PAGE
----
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For Readers and Writers

The next storm that crossed my path is the relationship readers and writers navigate between fiction and nonfiction. This global multilingual discussion will have you wondering about the origins of the word nonfiction and questioning the meaning of story.

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Student Librarians and Poets

Since it’s also National Poetry Month, I’ve included a link to an article that I netted for a library school assignment about Charles Bukowski. It’s not his poetry at the other side of the link below. A well-written (if a bit raunchy) profile from a 1976 Rolling Stone magazine interview has motivated me to go and read some Bukowski this April.

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Don’t forget, next week (April 10-16) is National Library Week, so visit your library, online (Fairhope Public Library) or in-person, to learn how Libraries Transform.

 

 

Rhapsodizing Librarians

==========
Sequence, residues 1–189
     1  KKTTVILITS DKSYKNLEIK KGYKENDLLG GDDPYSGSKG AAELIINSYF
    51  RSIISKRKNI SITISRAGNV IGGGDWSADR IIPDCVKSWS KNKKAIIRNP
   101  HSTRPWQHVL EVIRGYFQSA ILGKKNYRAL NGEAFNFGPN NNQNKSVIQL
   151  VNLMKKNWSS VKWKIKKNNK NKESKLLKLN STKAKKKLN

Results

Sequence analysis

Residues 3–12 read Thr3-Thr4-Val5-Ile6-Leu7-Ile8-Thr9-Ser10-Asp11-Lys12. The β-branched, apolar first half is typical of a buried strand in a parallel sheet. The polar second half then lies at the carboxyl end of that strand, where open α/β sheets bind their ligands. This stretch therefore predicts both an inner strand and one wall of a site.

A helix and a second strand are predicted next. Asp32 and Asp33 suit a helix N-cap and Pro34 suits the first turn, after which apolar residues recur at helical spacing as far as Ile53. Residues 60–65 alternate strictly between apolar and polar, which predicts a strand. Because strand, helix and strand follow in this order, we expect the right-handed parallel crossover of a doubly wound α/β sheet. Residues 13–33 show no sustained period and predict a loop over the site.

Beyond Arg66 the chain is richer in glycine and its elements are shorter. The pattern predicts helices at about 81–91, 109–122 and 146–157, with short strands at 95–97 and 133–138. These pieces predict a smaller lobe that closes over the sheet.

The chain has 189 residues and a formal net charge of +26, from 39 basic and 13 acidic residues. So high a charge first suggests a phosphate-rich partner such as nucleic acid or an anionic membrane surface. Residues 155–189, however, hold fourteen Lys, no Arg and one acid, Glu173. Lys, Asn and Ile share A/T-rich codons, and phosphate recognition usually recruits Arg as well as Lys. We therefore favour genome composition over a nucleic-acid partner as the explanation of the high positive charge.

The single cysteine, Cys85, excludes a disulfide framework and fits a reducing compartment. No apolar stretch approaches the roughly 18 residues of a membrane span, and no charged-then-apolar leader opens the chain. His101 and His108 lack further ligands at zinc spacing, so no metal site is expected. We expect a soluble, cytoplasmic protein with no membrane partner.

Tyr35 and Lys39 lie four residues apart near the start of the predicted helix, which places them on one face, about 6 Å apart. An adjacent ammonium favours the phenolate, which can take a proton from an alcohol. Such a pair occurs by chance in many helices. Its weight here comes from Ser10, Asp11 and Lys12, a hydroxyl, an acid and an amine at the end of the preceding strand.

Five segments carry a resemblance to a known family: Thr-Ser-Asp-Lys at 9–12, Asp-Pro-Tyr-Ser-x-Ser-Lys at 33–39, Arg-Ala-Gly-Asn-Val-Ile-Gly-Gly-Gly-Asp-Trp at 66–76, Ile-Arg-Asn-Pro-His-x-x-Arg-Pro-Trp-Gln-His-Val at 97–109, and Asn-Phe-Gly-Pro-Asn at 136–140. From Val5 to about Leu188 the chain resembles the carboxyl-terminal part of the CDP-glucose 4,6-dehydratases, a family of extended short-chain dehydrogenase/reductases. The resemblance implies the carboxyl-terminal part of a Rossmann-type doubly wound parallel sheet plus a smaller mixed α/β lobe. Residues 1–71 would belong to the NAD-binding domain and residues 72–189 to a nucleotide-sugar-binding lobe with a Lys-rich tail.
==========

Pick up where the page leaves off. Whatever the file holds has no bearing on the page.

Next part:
Shoalhaven Libraries

After such a serious post about osseointegration, I needed to lighten things up and find a way to thank my followers.  So get comfortable, click on the link below, and enjoy the YouTube music video from the Shoalhaven Library staff.

Librarian Rhapsody

What are Your Favorite Books, Movies, and Music from 2014

Here’s the list of titles that I’ve thoroughly enjoyed reading, listening to, and watching over the last twelve months. My list includes some old, some new, and some rediscovered titles and authors. Follow the links to read my previous posts related to my annual list of favorites.

Books

Nonfiction

Smoke Gets in Your Eyes, Caitlin Doughty

Smoke

The Professor and the Madman, Simon Winchester

Novels

The Fault in Our Stars, John Green

The Things They Carried, Tim O’Brien

Picture Books

New: The Book with No Pictures, B.J. Novak

Classic: The Hat, Tomi Ungerer

Ebook by a Classmate

Life with Charley: A Memoir of Down Syndrome Adoption, Sherry McCaulley Palmer

Self-Published Local

Salubrious Climate, Alison Holt Knight

On Creative Writing

Expressive Writing, Kathleen Adams